According to Hindu mythology, the universe is constituted of five key elements or ‘Panch Mahabhuta‘ namely Bhumi, Jal, Agni, Pavan and Akash (Earth, Water, Fire, Air And Sky). It was believed that any imbalance in these elements would have dire consequences on our universe and in turn the earthlings. And today we find ourselves trapped in a situation where not only our daily activities but our modern practices during holy festivals contribute no less to the deterioration of the environment.
India is a land of myriad festivals owing to its rich cultural diversity. The latter half of the year brings with it the season of festivities filling the air with love, goodwill, and happiness. Amidst all the celebrations, little are we conscious of the damage we are doing as a result of advancement in our worship styles.
Idol worship has been at the root of various cultures in India. But the increasing use of Plaster of Paris (POP), varnish, acrylic paint not only intervenes the aerobic and anaerobic biological processes but also increases the concentration of heavy metals like lead, chromium and cadmium in our water bodies to an extent that can cause skin diseases and even damage brain cells.
Plaster of Paris (PoP), which takes several months to get dissolved, increases the hardness of water. The organic matter that adorns the idols, on decomposition increases the nitrate and phosphate concentration contributing to eutrophication, which depletes dissolved oxygen for aquatic life. The increase of Respirable Suspended Particulate Material (RSPM) at an alarming rate due to the bursting of crackers is a serious matter of concern. Time and again, ample awareness programs have been organized by school and college bodies and various NGOs (to name a few we have Youth for Seva, To Make A Difference and SPROUTS Environment Trust) across the country. But unless the government lays down strict laws to curb habits harming the environment, the real impact would still be unseen.
Even though National Green Tribunal directed that “idol immersion would be allowed only of the ones which are made from biodegradable material and not plastic/Plaster of Paris,” but the scenario at the banks on the day of immersion tells a different tale. With no external bodies assigned to check the idols and no facilities like immersion tanks being provided for immersing PoP idols, the devotees have no alternative but to immerse them in lakes, rivers and oceans to make sure it doesn’t hurt religious sentiments.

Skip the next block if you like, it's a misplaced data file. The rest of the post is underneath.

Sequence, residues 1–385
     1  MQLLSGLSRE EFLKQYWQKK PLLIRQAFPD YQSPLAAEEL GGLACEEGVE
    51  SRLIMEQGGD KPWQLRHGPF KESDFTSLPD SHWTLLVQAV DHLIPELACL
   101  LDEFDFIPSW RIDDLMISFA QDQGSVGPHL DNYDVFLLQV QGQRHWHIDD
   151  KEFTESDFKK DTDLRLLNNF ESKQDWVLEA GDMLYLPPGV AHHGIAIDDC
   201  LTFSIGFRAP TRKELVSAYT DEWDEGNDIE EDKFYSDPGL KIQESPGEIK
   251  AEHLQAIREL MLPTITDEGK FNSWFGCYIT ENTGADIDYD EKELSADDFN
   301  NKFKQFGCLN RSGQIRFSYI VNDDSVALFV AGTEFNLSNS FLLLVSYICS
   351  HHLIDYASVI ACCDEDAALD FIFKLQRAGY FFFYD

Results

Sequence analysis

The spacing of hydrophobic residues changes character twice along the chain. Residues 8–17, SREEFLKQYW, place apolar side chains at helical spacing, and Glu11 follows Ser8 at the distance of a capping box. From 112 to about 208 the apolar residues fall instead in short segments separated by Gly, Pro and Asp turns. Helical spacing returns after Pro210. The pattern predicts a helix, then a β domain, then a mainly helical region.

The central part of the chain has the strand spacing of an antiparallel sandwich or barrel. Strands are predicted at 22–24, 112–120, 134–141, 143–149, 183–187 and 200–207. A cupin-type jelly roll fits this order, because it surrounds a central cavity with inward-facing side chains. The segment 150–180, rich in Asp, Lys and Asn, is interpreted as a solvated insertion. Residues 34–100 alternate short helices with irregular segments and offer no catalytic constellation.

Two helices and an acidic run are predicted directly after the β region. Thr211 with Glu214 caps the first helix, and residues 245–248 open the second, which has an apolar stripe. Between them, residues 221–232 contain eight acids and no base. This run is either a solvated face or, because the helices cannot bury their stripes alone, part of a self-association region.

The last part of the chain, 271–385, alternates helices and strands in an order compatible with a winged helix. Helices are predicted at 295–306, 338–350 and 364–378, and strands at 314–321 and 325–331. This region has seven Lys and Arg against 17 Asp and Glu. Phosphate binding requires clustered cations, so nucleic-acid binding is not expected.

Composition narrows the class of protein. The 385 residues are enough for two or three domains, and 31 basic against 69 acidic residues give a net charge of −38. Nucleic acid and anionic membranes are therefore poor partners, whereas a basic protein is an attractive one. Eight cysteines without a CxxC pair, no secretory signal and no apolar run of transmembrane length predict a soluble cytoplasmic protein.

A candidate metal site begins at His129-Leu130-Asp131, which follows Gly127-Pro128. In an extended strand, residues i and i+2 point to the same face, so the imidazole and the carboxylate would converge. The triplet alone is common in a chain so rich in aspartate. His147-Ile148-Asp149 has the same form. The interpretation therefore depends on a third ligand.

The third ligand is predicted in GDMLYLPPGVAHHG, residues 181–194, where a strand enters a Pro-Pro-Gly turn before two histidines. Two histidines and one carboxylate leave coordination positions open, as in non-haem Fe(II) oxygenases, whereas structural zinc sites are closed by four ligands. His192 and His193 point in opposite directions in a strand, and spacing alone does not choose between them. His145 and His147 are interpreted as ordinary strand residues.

As PoP idols come at a cheaper price compared to the clay ones, scrapping them completely would be a challenging task. The government can provide compensation to idol makers that would encourage them to switch to clay idols. National, as well as local newspapers and television channels can also play a major role inculcating environmental awareness. Also, the art of idol making using clay needs to be encouraged at a larger scale through workshops conducted at various levels. Awards, similar to Prakriti Award in Guwahati, must be presented to initiate as well as encourage eco-friendly pujas by state governments. Immersion of idols must be allowed only as per guidelines laid by the Central Pollution Control Board in 2010. Every little effort made by the government and denizens to save the environment matters.
Since these pujas and pandals are organized by various local committees, our donations could help them organize eco-friendly pujas. People need to be taught and encouraged about the reuse of rough structures made of wood and hay post the immersion. NASA’s satellite caught the country shining bright, beautifully from space during Diwali. But the country would shine brighter if we succeed in celebrating Diwali with earthen pots and lights. Apart from environmental benefits, imagine how many low-income families that sell diyas and other earthenware can benefit with a single effort. While lighting our own house, we can light up theirs too. Moreover, giving alms to the poor instead of shelling out on crackers could earn you extra ‘Karmic’ brownie points.
So let’s not wreck our planet anymore. It’s time to ‘Go Eco’.